In my last blog posting I wrote about detractors, those things that rob us of our motivation, and a great big detractor, the distraction, which I described as anything that temporarily bumps us off our path.
I pointed out how distractions often involve automatic activities, like over eating, shopping, watching TV and drinking. What do we do to overcome these automatic activities?
The first strategy: Become conscious of these behaviors.
This strategy addresses these automatic behaviors. What we do to resist them is use our intent. We need to bring these behaviors into the light of day. We need to look at them, and understand them. When we do that, we increase the likelihood of overcoming them.
Become aware of your distractions, and become aware of the role you play with them. Pay attention to what is going on with you when you get distracted. When you find that you have been seduced by your distraction, think about what was going on before you succumbed. Notice it and write it down. When you have been tempted and successfully avoided it, write that down, too, and how you avoided it, what you told yourself to get back on track. Then give yourself a pat on the back. Overcoming distractions is achieved by becoming intentional man, keeping your vision at the forefront.
The second strategy: building the runway.
This second strategy is based upon an interesting discovery I made about distractions. Distractions are much more seductive when I am doing tasks that aren’t really fun, that are down right drudgery. But we all know that success is frequently built on drudgery. Without the tasks, the goals aren’t met. If the goals aren’t met, the vision will not come to fruition. If some of the tasks involve drudgery, we need to do the drudgery.
Building the runway is how we accomplish these task. An airplane can’t get off the ground unless it has a runway. So if you want to soar, you need to “build the runway.” Building the runway is the means by which we keep ourselves motivated to do this boring, tedious, work. The key is to make it important to us, even if it isn’t intrinsically motivating.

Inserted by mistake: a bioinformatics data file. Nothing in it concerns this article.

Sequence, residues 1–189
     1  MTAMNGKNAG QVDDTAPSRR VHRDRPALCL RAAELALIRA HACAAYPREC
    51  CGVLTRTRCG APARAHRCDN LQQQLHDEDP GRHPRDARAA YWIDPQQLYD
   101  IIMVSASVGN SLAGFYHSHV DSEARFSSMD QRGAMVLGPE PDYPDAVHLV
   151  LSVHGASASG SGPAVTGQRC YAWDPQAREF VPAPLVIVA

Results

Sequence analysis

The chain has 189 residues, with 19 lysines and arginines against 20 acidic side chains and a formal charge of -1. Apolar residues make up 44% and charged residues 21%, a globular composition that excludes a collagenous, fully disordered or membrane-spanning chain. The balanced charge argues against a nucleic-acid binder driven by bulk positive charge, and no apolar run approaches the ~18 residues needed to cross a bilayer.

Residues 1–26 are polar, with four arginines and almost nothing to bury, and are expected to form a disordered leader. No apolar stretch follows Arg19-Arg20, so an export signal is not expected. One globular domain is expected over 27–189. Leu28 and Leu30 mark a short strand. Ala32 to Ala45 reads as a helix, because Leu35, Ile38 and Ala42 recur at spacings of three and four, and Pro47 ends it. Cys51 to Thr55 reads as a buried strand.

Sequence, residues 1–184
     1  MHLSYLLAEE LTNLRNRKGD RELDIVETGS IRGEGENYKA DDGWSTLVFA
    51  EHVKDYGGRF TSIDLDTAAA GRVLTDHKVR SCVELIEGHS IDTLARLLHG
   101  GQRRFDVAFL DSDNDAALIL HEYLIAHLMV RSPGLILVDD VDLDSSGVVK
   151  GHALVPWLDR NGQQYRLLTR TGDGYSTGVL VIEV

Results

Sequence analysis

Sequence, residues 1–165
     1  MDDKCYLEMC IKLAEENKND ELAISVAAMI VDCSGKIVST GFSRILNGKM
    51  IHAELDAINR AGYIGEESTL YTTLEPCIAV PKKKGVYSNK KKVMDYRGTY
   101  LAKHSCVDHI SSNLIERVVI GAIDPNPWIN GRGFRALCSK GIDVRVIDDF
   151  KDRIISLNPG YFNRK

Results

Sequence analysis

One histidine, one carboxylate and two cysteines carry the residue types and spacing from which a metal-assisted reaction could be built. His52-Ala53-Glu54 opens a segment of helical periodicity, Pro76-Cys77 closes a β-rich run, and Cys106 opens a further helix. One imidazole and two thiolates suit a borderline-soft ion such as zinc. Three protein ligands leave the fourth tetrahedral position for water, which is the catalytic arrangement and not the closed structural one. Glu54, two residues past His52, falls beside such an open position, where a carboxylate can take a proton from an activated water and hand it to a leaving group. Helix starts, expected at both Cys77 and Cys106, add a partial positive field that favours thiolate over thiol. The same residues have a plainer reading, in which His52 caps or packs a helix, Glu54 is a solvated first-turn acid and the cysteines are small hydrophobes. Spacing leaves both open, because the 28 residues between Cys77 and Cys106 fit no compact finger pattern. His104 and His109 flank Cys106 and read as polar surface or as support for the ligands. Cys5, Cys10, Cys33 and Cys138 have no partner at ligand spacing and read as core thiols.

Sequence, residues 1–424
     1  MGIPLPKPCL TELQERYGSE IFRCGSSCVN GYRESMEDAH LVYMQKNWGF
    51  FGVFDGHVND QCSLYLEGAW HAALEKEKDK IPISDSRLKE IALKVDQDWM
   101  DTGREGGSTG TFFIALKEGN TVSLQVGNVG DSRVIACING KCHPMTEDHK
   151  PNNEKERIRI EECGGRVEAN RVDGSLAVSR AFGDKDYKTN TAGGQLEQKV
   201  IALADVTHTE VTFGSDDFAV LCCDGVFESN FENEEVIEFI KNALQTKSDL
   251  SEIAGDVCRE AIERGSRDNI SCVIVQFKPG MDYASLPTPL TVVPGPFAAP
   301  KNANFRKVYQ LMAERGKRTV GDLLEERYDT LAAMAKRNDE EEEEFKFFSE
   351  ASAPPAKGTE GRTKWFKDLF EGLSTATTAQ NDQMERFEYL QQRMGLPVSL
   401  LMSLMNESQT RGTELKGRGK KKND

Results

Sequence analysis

This strategy is based on a process in the literature on employee motivation known as “promoting integration”. Studies show that the way to get employees to do uninteresting work is:
- provide a rationale for the uninteresting activity; and
- acknowledge that people might not want to do the activity
How we promote integration in ourselves in self motivation is the basically the same, except that the two steps are flip flopped. First, we acknowledge that this particular task is boring; that it indeed meets the definition of drudgery, but then second we remind ourselves of the rationale of the task. We call to mind why we are doing this particular piece of drudgery.
Instead of focusing on the drudgery, we intentionally focus on how what we need to do will bring us closer to achieving one of our goals. Remember, every task must clearly relate to a specific goal. If you can’t relate the drudgery to the achievement of one of your written down goals, then you need to ask yourself why you are doing it, and figure out if your time couldn’t be better spent pursuing a task that is related to one of your goals.
As I was writing the script for my workshop, I had a stack of research material, and notes to myself, much more than I needed and with a lot of repetition. Once I had written out an outline, I needed to go through all of the material, delete the redundant and the non-important, and organize the remainder.
It seemed to take forever. What I had to do was acknowledge the reality, that I was building a runway so that I could soar, as a professional speaker and workshop presenter. I acknowledged that what I needed to do was drudgery, but for me the key was to reaffirm, make clear in my mind, the nexus between this task and my vision. I had to remind myself that once I sorted through all the material I would be that much closer to completing my book as well, which would, in turn, bring me even closer to my vision.
Some distractions are unavoidable, and rightly so. For example, maybe you have a family – this can be a distraction. But maybe it’s a healthy distraction, or if not, we can make it a healthy distraction. A two year old may require intense hands-on time. But a five or six year old can play by herself. You have to make this determination for yourself, draw the boundaries as you think are appropriate for the situation. But it’s important that you make the effort to establish these boundaries, make intentional decisions, and not just go on automatic.
That’s what motivating yourself is about. It’s about being conscious, and about being intentional. And about using the model for self motivation.